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8.E: Central Potentials (Exercises)

  • Page ID
    15775
    1. A particle of mass \(m\) is placed in a finite spherical well: \begin{equation}V(r)=\left\{\begin{array}{ll}
      -V_{0} & \text { for } r \leq a \\
      0 & \text { for } r>a
      \end{array}\right.\end{equation} with \(V_0>0\) and \(a>0\). Find the ground-state by solving the radial equation with \(l=0\). Show that there is no ground-state if \(V_0\,a^{\,2}< \pi^{\,2}\,\hbar^{\,2}/(8\,m)\).
    2. Consider a particle of mass \(m\) in the three-dimensional harmonic oscillator potential \(V(r)=(1/2)\,m\,\omega^{\,2}\,r^{\,2}\). Solve the problem by separation of variables in spherical coordinates, and, hence, determine the energy eigenvalues of the system.
    3. The normalized wavefunction for the ground-state of a hydrogen-like atom (neutral hydrogen, \({\rm He}^+\), \({\rm Li}^{++}\), et cetera.) with nuclear charge \(Z\,e\) has the form \[\psi = A\,\exp(-\beta\,r),\] where \(A\) and \(\beta\) are constants, and \(r\) is the distance between the nucleus and the electron. Show the following:
      1. \(A^2=\beta^{\,3}/\pi\).
      2. \(\beta = Z/a_0\), where \(a_0=(\hbar^{\,2}/m_e)\,(4\pi\,\epsilon_0/e^{\,2})\).
      3. The energy is \(E=-Z^{\,2}\,E_0\) where \(E_0 = (m_e/2\,\hbar^{\,2})\,(e^{\,2}/4\pi\,\epsilon_0)^2\).
      4. The expectation values of the potential and kinetic energies are \(2\,E\) and \(-E\), respectively.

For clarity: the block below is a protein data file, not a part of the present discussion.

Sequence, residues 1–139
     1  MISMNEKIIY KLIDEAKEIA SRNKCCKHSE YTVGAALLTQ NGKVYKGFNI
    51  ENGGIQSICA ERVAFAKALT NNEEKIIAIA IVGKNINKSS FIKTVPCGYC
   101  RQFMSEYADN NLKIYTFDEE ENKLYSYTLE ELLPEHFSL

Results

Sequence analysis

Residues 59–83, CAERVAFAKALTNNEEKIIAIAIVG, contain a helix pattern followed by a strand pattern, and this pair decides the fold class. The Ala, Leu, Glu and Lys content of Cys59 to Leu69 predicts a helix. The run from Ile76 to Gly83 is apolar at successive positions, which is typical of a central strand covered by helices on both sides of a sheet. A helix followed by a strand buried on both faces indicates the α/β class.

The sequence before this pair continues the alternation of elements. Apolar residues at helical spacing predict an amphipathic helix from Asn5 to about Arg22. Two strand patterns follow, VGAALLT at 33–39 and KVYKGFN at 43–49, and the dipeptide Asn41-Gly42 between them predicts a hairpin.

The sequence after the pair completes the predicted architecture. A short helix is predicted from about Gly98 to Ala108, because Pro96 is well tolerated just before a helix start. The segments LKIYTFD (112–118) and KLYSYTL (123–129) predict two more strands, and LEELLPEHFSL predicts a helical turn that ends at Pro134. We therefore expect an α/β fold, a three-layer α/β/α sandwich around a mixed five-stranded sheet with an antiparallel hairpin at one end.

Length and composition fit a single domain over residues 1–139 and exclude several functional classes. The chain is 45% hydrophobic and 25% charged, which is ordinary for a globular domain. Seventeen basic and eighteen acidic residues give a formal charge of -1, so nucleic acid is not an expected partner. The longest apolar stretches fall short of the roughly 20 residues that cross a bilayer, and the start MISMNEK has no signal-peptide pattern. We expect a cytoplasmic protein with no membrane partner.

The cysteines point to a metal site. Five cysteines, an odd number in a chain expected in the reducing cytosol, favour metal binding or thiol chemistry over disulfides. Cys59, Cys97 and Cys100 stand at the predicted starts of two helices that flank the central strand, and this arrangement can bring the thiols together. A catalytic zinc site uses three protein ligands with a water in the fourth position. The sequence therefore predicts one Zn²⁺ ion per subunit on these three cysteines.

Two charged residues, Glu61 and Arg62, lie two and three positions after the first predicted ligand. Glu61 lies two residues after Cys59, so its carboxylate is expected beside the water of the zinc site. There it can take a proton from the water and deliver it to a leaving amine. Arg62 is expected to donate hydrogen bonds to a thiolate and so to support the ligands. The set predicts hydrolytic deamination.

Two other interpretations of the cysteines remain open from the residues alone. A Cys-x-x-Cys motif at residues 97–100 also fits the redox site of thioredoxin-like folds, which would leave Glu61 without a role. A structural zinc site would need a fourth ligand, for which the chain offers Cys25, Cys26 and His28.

5. The expectation value of \(r\) is \((3/2)\,(a_0/Z)\).
      6. The most probable value of \(r\) is \(a_0/Z\).
    4. An atom of tritium is in its ground-state. Suddenly the nucleus decays into a helium nucleus, via the emission of a fast electron that leaves the atom without perturbing the extranuclear electron, Find the probability that the resulting \({\rm He}^+\) ion will be left in an \(n=1\), \(l=0\) state. Find the probability that it will be left in a \(n=2\), \(l=0\) state. What is the probability that the ion will be left in an \(l>0\) state?
    5. Calculate the wavelengths of the photons emitted from the \(n=2\), \(l=1\) to \(n=1\), \(l=0\) transition in hydrogen, deuterium, and positronium.
    6. To conserve linear momentum, an atom emitting a photon must recoil, which means that not all of the energy made available in the downward jump goes to the photon. Find a hydrogen atom’s recoil energy when it emits a photon in an \(n=2\) to \(n=1\) transition. What fraction of the transition energy is the recoil energy?

    Contributors and Attributions

    • Richard Fitzpatrick (Professor of Physics, The University of Texas at Austin)

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